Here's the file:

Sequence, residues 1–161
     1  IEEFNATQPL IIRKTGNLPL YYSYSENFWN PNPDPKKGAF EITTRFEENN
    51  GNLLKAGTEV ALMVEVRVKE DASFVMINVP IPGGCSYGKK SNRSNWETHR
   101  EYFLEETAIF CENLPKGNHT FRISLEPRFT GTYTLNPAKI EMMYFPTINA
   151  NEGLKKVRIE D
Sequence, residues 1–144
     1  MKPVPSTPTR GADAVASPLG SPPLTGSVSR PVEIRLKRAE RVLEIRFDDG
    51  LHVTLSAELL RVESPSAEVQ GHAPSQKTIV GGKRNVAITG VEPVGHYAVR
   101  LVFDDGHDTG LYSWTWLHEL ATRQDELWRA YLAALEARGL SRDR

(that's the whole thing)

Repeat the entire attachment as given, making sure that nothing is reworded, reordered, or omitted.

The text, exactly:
Sequence, residues 1–161
     1  IEEFNATQPL IIRKTGNLPL YYSYSENFWN PNPDPKKGAF EITTRFEENN
    51  GNLLKAGTEV ALMVEVRVKE DASFVMINVP IPGGCSYGKK SNRSNWETHR
   101  EYFLEETAIF CENLPKGNHT FRISLEPRFT GTYTLNPAKI EMMYFPTINA
   151  NEGLKKVRIE D
Sequence, residues 1–144
     1  MKPVPSTPTR GADAVASPLG SPPLTGSVSR PVEIRLKRAE RVLEIRFDDG
    51  LHVTLSAELL RVESPSAEVQ GHAPSQKTIV GGKRNVAITG VEPVGHYAVR
   101  LVFDDGHDTG LYSWTWLHEL ATRQDELWRA YLAALEARGL SRDR